Scott Reeder | Pondering pot prohibition

Scott Reeder | Pondering pot prohibition

SPRINGFIELD — A few years ago, I was sitting at grandmother's bedside and she made a political admission that stunned me.

The last Democrat she voted for was Franklin Roosevelt in 1932.

I wasn't surprised that Eva Reeder, my diehard Republican grandmother, in her 103 years had only supported one Democrat. But I was shocked by why she voted for Roosevelt.

I was expecting her to talk about the New Deal; instead, my grandmother, a lifelong teetotaler, talked about Prohibition. She didn't like the lawlessness that engulfed her rural western Illinois community. It was a time when Al Capone reigned in Chicago.

"Prohibition was bad, Scott. Folks had stills out in the woods all over Schuyler County and were making whiskey. It had to go. President Herbert Hoover supported Prohibition, but Roosevelt didn't."

In my entire life, I never heard her say one positive thing about alcohol.

She would grumble about neighbors who would waste money on beer. And she would shift uncomfortably whenever our family was seated in the bar area of a restaurant.

But the one deviation in her life-long voting history was to make liquor legal.

She could see Prohibition was breeding violence and causing government resources to be wasted.

These days, I'm feeling a bit like my grandmother.

I'm a 53-year-old who has never tasted alcohol or used a recreational drug. But I'm asking myself: Is it time to end our nation's prohibition against marijuana?I'm not Pollyannaish about pot.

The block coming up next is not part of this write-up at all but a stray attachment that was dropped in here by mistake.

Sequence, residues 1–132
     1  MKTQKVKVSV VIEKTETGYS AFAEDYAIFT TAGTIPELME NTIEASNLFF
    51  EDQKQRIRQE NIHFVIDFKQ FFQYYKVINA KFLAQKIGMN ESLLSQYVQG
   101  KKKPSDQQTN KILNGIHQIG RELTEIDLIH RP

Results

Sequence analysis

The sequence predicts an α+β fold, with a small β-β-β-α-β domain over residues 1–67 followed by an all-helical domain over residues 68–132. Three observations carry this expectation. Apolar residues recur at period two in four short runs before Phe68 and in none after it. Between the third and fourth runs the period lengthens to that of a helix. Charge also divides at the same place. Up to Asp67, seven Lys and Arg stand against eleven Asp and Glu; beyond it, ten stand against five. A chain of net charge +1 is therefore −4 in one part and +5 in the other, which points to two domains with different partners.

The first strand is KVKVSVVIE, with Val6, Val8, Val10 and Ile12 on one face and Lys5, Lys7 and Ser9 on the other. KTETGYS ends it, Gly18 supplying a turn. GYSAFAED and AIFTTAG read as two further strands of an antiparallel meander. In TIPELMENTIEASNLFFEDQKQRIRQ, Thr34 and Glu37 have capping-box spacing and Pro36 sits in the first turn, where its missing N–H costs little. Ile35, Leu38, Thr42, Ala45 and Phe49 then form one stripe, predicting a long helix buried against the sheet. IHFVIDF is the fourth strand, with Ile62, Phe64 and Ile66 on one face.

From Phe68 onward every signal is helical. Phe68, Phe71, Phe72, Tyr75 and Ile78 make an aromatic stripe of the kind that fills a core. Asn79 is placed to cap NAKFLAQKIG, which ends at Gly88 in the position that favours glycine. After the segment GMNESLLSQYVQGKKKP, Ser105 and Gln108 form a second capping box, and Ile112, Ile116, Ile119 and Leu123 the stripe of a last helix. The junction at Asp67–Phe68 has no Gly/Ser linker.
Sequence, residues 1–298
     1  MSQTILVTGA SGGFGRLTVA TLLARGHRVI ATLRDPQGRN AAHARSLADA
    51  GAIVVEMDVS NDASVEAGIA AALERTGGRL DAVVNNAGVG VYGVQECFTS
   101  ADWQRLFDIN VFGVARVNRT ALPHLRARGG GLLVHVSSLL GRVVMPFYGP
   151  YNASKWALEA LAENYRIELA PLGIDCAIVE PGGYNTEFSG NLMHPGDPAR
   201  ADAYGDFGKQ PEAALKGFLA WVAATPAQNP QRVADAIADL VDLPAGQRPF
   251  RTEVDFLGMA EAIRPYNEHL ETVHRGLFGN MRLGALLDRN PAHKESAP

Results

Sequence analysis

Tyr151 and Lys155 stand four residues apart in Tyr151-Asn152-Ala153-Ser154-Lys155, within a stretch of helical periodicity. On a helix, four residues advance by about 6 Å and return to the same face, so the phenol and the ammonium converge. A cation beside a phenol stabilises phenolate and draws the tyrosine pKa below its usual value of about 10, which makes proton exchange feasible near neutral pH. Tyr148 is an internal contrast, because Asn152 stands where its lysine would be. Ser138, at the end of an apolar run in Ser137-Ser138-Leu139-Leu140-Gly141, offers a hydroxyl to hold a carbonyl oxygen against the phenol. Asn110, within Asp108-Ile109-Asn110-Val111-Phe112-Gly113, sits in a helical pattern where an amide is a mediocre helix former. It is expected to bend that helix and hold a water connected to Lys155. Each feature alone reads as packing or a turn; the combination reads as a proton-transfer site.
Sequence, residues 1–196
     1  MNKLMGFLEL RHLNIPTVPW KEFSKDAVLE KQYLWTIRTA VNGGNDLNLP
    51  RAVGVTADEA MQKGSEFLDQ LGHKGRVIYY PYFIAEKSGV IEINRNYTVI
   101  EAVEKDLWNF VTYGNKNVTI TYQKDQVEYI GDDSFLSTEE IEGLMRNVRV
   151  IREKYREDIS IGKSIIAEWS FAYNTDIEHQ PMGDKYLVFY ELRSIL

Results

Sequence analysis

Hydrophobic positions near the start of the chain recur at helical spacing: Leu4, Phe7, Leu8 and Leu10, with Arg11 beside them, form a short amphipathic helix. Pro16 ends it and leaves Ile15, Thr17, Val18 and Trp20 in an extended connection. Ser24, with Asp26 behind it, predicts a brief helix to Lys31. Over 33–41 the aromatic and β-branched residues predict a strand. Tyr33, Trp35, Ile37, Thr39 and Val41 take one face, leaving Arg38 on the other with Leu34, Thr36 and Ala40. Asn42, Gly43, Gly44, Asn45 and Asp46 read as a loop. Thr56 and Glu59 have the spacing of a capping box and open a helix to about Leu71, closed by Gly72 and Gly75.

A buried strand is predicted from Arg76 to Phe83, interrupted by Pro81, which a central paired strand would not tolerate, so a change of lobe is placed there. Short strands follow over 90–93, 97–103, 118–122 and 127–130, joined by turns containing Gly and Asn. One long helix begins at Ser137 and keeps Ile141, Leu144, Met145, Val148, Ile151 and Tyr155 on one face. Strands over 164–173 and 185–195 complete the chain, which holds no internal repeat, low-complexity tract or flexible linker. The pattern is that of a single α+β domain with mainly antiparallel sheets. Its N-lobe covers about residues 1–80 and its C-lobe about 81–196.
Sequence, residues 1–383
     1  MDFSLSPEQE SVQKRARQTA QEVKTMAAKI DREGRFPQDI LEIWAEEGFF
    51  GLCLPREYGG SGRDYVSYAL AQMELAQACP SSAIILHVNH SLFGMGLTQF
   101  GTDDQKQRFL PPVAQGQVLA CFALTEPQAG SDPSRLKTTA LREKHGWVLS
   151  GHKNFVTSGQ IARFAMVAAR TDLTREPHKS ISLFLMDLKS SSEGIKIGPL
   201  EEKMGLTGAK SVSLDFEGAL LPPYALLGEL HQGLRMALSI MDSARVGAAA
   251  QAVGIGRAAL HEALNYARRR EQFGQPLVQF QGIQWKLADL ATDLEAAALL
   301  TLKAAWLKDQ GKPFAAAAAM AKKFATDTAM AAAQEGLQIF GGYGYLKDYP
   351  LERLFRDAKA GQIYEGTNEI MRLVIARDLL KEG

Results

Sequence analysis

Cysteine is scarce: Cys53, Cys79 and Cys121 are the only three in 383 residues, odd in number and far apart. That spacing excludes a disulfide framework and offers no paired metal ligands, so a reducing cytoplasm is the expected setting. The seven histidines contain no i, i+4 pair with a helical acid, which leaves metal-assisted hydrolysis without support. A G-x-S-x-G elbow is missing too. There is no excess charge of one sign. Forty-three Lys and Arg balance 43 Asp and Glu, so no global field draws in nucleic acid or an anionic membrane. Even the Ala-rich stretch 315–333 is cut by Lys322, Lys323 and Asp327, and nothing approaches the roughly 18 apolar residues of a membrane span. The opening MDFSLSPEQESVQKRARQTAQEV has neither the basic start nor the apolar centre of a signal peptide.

Sandy Thompson, an editor and nice person I worked with 20 years ago was killed at a Las Vegas stop light when a driver, too stoned to get behind a wheel, crashed into her car.

On the other hand, when my mother was going through cancer treatments, she was prescribed Marinol, a synthetic form of THC, an active ingredient in marijuana. For her, it was a miracle drug. It alleviated her nausea unlike the many medicines she had previously taken. It also restored her appetite.

I was surprised when my mother, a registered nurse, took the medicine.

She too never drank alcohol. And she viewed the consumption of any drug — legal or otherwise — with trepidation.

I called home shortly after my mother began taking Marinol. In the midst of our conversation, I found myself straining to hear her.

The conversation went something like this:

"Mom, I can hardly hear you."

"I can barely hear you, too."

"Did you push a button on your desk phone?"

"No."

Then the conversation was interrupted by a long pause. Afterward, her voice returned to normal.

"What was it, Mom?"

"Never mind, I figured it out."

"Mom, tell me."

"Never mind."

"Please"

"I had the handset upside down."

Our nation's marijuana policy debate is a lot like that conversation. Folks are talking, but they are barely hearing one another.

It's time for an intelligent dialogue on marijuana policy.

Scott Reeder is a veteran statehouse journalist. He works as a freelance reporter in the Springfield area and produces the podcast 'Suspect Convictions.' He can be reached at ScottReeder1965@gmail.com.

Sections (2):Columns, Opinion
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